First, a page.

Quitting? Make sure it’s for the right reasons
Each of us sometimes questions why we devote so much time, energy and expertise to our current job. We wonder whether it’s time for a change and we begin to read employment ads or dream of starting our own business. Before deciding to submit your resignation, examine if your job is fulfilling your needs.
It’s not always about money
Job satisfaction is rarely measured by the size of the paycheck, although above average remuneration can make less than stellar working conditions a little more bearable. In an office environment, opportunities for advancement and recognition of each individual’s contributions and talents are big influences on whether a job is fulfilling. Most persons will accept a certain amount of pressure if they feel recognised and respected. How well an employee relates to the company’s leadership style and corporate values are also key factors in job satisfaction. Fair rewards in terms of salary and benefits, good working conditions and appropriate employee empowerment are all strong motivators that promote job satisfaction.
Do you enjoy going to work?
When it’s a real struggle getting up every day, it could be an indicator that you’re stressed, burnt out or unfulfilled. Good working conditions, the camaraderie of a team environment and duties you enjoy will make it more fun to go to work. Feeling inspired and energised by your boss and the company’s leadership is even better.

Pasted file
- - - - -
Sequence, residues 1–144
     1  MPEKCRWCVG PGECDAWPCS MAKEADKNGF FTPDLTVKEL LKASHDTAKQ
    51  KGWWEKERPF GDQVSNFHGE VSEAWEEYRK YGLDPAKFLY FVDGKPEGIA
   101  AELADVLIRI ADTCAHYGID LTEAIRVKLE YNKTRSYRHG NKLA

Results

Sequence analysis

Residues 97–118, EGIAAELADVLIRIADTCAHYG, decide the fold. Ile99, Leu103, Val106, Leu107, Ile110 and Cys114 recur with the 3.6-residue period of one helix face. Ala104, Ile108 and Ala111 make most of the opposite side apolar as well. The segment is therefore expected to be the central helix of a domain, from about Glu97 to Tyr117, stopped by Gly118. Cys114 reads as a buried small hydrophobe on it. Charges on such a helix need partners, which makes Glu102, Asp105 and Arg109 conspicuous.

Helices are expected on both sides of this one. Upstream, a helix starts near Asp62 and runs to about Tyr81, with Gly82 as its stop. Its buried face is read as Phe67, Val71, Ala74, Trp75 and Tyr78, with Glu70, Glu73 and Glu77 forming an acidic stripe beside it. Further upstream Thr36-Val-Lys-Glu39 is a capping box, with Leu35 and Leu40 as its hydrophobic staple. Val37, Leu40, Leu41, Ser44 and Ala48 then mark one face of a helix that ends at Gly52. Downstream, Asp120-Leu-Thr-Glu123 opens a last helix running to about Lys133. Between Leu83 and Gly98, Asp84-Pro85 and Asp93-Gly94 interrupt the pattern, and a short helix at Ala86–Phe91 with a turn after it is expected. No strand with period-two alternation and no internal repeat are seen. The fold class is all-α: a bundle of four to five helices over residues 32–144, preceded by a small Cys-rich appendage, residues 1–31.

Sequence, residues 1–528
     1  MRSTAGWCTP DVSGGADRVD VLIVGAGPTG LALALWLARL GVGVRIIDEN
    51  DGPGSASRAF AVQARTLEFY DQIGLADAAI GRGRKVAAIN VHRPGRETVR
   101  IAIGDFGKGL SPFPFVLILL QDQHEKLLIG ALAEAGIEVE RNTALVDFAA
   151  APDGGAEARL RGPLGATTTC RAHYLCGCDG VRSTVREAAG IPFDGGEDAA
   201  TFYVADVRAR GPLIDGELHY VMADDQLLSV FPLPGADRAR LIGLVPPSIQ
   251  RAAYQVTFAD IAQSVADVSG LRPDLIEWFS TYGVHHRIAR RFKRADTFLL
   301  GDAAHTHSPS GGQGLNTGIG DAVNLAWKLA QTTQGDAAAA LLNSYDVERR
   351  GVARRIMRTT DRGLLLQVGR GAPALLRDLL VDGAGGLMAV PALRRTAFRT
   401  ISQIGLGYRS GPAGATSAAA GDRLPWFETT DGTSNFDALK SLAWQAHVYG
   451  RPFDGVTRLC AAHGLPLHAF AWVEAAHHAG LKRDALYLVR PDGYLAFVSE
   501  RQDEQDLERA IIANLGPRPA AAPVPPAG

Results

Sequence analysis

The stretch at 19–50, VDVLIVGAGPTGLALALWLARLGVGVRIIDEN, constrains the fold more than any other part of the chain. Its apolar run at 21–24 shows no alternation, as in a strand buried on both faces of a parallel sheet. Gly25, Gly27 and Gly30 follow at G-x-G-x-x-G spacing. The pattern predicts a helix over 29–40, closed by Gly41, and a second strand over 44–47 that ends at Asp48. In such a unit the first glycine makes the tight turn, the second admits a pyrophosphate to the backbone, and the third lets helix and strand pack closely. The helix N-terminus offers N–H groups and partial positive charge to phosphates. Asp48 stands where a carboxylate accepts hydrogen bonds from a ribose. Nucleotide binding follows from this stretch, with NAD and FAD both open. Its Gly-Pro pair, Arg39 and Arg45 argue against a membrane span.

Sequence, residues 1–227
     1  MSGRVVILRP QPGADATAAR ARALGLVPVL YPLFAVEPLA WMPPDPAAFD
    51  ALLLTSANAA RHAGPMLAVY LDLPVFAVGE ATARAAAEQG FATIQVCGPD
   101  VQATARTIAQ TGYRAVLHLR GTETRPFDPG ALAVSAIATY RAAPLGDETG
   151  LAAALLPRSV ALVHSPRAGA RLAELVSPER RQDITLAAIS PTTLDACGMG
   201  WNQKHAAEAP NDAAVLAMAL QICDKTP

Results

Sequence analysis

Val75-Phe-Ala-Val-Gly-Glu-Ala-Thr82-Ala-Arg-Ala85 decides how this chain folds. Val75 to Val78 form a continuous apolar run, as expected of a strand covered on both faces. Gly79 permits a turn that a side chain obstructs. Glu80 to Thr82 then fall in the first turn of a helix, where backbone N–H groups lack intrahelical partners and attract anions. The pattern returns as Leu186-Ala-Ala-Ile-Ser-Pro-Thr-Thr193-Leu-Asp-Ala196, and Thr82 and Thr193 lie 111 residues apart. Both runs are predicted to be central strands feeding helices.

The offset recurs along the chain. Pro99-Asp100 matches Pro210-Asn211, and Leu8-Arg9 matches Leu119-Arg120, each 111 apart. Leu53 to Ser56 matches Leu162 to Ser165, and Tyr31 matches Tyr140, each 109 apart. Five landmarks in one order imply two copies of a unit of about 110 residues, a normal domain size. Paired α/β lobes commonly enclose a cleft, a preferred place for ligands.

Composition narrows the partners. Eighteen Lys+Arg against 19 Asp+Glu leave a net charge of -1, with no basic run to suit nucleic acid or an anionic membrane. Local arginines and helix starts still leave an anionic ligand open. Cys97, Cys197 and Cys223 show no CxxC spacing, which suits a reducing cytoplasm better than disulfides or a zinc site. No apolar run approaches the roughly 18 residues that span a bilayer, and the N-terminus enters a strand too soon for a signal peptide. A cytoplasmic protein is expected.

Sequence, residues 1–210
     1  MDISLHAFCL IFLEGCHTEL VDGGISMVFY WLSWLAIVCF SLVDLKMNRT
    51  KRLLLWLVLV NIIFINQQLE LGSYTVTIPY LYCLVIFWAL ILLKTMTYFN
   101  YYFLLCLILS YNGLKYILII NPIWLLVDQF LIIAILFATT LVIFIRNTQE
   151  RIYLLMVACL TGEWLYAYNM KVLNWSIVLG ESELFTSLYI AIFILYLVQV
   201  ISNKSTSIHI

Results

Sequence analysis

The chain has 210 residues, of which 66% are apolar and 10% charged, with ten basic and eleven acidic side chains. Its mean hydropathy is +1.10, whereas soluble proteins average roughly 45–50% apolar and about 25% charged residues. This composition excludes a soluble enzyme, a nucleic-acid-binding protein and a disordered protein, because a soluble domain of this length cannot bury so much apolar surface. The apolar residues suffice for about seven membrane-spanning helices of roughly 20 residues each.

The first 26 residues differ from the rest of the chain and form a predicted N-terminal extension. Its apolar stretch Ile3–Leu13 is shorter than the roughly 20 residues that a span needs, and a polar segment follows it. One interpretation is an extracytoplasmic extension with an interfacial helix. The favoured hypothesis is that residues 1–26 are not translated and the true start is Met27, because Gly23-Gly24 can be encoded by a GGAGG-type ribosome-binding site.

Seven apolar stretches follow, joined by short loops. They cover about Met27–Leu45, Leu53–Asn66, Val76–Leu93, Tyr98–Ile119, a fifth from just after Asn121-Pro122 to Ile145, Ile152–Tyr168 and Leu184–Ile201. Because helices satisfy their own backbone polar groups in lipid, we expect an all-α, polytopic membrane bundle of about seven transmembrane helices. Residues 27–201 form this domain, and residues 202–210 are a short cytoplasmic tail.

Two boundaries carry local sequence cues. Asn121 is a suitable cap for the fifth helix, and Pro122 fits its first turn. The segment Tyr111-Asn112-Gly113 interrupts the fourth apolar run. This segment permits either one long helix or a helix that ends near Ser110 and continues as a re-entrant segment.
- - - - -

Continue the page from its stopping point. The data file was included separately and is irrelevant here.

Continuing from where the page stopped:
Is your work stimulating?
Everyone needs challenges and rewards in their day-to-day work. If you don’t feel you’re making a difference, perhaps you could expand your role by asking for more responsibilities. Smart bosses encourage their staff to try new tasks and learn new skills, even if they might make a mistake. Look at the things you enjoy about your work and offer to take on additional duties to increase your sense of purpose.
Do you feel respected and valued?
When a company’s corporate culture incorporates management listening to their staff and celebrating successes together, people will find their jobs more fulfilling. New ideas and well thought out, concrete suggestions to improve productivity, increase sales and reduce customer complaints ought to be encouraged. Workers at every level need to feel that their efforts are important. Too much unpaid overtime with no thanks and no end in sight is discouraging.
Does your job fit in with your 5-year plan?
Evaluate your long-term goals and look for the growth potential in your current job. Seek out learning opportunities, from company-sponsored courses and seminars to job shadowing to working on additional projects. Find a mentor in a more senior manager whose style and skills you admire. Concentrate on creating a network of allies that will help you as you climb the corporate ladder. When you look at the big picture and work toward your career goals, you might see how your present position is fulfilling a need.
Be open to change
We’re not stuck in one company for our entire career like our grandfathers were. We have options, and there’s no dishonour in changing jobs in pursuit of our career goals. Our priorities and interests evolve and change, and we often develop new skills that might be better suited to a different type of position or business. But before you decide to make a career change, be sure it’s the job that’s the problem, not your own attitude. Otherwise, the feeling of being unfulfilled will follow you.